Wednesday, December 1, 2010
Grant Dermody -- Lay Down My Burden
Lay Down My Burden
I was quite impressed, in 2003, with the debut album by Grant Dermody, a Seattle-based singer and harmonica player. As I wrote in Sing Out! magazine, “Despite the diversity of the collaborations, the tastefulness of Dermody’s harp, his relaxed vocals and a good choice of material, make for a nicely cohesive album...I’m looking forward to hearing more of Dermody’s playing on future projects.”
Earlier this year, in a review of Eric Bibb’s great album, Booker’s Guitar, I said, “the only other musician is harmonica master Grant Dermody. Grant’s playing is always creative – I especially like his use of chromatic harmonica on “Flood Waters” – and complements Eric’s singing and playing beautifully. Eric and Grant’s playing together is some of the finest guitar-harmonica duo work since Sonny Terry and Brownie McGhee were in their prime.”
Lay Down My Burden, Grant’s second solo album, is also a fine effort in which he and various collaborators offer fine examples of various blues and gospel styles and also occasionally delve into old-timey country music.
The album opens with one of my favourite tracks on the CD, a sweet version of the Reverend Gary Davis spiritual, “I’ll Be Alright,” which kind of picks up where Grant and Eric left off on Booker’s Guitar, except that it’s Grant singing the lead vocal on the gentle, optimistic song along with Eric’s sublime fingerpicking and some equally sublime harmonica playing by Grant.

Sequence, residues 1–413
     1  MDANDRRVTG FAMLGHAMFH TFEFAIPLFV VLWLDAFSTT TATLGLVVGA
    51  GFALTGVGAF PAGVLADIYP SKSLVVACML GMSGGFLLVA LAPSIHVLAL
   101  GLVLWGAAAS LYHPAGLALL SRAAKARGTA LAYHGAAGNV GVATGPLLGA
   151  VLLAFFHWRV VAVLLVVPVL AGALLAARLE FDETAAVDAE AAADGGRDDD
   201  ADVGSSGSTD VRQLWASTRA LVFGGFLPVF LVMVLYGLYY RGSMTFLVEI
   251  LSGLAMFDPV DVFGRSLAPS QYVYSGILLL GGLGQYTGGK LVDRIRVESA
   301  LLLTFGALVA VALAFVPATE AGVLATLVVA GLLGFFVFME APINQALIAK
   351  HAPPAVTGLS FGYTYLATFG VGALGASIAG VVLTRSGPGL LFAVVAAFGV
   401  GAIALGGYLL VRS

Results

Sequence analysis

From there the album moves on through a series of other collaborations ranging from full band settings to unique combinations with one or two other musicians to several tracks in which Grant backs up older bluesmen John Dee Holeman, Louisiana Red and the late John Cephas.
A couple of the most interesting tracks are harmonica duets. “Rain Crow Bill,” sees Grant and Mark Graham trading harp licks and whoops in the tradition of Sonny Terry (in fact, I have a recording of “Rain Crow Bill” from the 1940s in which Sonny and Woody Guthrie are trading harp licks and whoops). On “Twelve Gates to the City,” the second harmonica is ably played by Joe Filisko.
A few of the other highlights include “David’s Cow,” a playful guitar-fiddle-harmonica hoedown; a sad version of Dirk Powell’s “Waterbound”; and a beautiful a cappella arrangement of Stephen Foster’s “Hard Times Come Again No More” in four-part harmony.
Most of the songs on this album – whether drawn from the traditional repertoire or from Grant’s own song bag – feel timeless.